The Harrowing Beauty Of La Grande Saline

It is one of St Barts’ more unexpected spots and it has painful memories for some of its inhabitants. Thirty years of prosperity can all too quickly erase memories of the hard and arduous life of the population of St Barts before the current new era.

Looking at La Grande-Saline you are obviously struck by its beauty. Its bright colors alone are enough to make it a talking point today. Although it is useless, under threat even and self-conscious, like everything which wants to avoid death, it seeks to charm, with a hint of posing.

Yet la Grande-Saline has not always been this respectable grand lady flaunting her magnificent scattered squares. Right up until the 1970s, many men - and especially women - experienced hard times there which are difficult to imagine today.

A shaky start

Under Swedish rule in the early 1800s, la Grande-Saline was just an area of swampland on whose surface salt would sometimes form which a company tried to harvest. In 1820, the Swedes organized themselves and developed it as a precarious business, which collapsed in 1872 because its salt prices could not compete with those of neighboring islands. La Grande-Saline was left undeveloped until St Barts was returned to France on 16 March 1878.

The production and sale of salt were revived and lasted in a rather precarious fashion until 1896. The French government then granted St Barts 60,000 francs initially to run the business, before buying it back and letting the inhabitants run it. A devastating cyclone in 1924 caused the business to collapse again. A few years later in the 1930s, La Grande-Saline was rehabilitated and William Beal took over the concession. The most determined men - or rather the most determined women - went back to work there again for a while...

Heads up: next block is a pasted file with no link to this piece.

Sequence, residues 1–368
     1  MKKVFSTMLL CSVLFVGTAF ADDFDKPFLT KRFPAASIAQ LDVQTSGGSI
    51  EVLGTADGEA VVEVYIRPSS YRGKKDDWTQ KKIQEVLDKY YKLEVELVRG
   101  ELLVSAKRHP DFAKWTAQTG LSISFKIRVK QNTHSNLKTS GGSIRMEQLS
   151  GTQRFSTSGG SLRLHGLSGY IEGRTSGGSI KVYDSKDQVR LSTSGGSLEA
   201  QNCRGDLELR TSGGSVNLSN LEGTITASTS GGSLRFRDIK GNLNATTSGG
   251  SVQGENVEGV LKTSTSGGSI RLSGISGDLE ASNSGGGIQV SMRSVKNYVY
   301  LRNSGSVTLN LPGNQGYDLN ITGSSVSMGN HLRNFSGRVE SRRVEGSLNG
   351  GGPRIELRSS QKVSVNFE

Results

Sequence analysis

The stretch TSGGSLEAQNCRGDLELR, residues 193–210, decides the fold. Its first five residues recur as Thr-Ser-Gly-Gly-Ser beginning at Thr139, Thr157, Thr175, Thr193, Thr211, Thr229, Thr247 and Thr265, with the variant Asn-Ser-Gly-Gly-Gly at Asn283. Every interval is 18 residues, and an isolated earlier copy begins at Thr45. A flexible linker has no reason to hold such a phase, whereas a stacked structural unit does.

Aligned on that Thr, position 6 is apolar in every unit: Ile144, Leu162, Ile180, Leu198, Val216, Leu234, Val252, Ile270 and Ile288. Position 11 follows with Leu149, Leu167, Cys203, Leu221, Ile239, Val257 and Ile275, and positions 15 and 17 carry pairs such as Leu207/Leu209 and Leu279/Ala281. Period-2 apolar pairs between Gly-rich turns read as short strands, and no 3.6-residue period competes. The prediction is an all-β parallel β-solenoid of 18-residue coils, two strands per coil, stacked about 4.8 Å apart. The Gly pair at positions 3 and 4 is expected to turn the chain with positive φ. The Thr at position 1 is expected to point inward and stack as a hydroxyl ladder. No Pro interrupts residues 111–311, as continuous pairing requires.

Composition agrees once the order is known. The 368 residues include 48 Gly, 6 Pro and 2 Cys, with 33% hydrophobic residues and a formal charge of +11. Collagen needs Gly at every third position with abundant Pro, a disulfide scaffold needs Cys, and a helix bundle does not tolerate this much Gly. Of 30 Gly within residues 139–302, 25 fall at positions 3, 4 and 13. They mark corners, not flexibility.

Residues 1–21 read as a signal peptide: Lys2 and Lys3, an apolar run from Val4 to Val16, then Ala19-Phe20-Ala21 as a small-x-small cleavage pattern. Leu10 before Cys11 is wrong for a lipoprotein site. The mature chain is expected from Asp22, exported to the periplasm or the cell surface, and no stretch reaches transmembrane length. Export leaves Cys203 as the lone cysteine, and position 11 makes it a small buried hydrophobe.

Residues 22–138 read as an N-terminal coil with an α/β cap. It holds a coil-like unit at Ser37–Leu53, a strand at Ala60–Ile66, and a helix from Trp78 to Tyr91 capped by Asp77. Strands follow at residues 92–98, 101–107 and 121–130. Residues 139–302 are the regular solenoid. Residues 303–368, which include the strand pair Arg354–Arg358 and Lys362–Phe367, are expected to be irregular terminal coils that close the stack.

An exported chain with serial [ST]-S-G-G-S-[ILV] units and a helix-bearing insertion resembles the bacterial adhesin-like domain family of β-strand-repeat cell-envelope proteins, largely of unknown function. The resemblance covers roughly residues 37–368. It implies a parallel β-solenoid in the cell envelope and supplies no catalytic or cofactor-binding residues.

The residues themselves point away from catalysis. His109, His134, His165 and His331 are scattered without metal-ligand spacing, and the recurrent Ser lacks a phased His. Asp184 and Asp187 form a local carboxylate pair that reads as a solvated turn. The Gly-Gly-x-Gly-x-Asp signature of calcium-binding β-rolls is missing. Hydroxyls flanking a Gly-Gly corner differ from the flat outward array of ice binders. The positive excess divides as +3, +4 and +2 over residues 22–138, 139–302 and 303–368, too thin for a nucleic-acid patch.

The "Crystal Mountain"

In the early days you had to get up very early, sometimes with an empty stomach. Because they only worked for three months of the year, some people had to make the money earned during the season last for the nine other months of the year. The female salt marsh workers came from all over the island, often walking three, four or more kilometers barefoot in the dark.

Wearing a straw hat, plain dresses and with canvas sacks on their feet, they went out into the salt pans armed with a spade and a basket, although as often as not the work was done by hand. They ripped up slabs of salt and put them in a basket to drain then placed them in a little flat-bottomed boat before decanting them all onto a dike.

They then went back to harvesting the salt in this increasingly warm water which irritated, burned and gnawed at the skin, under an ever more oppressive and powerful sun. Just before the heat became unbearable and once the salt had thoroughly dried in the sun, they carried it on their heads, a bag at the time, to the big heap of salt called the "Crystal Mountain". Then at about eight or nine o'clock they went back uncomplainingly to all parts of the island.

The price of beauty

These inhuman working conditions eventually sounded the death knell for La Grande-Saline. Although a whole generation was not afraid of the exhausting work involved, the next generation did not want to be tied down to it. La Grande-Saline slowly wound down and stopped torturing men and women, before finally closing in 1972, when tourism took off on the island.

When you pass La Grande-Saline on your way to the beach, spare a thought for the women and men who suffered there and without whom the beauty of La Grande-Saline would not be so poignant.

For more information, read “Les Salines.. il était une fois”. BERRY, Kaytia, Lion’s Club, “Île de Saint-Barthélemy”, 2005.

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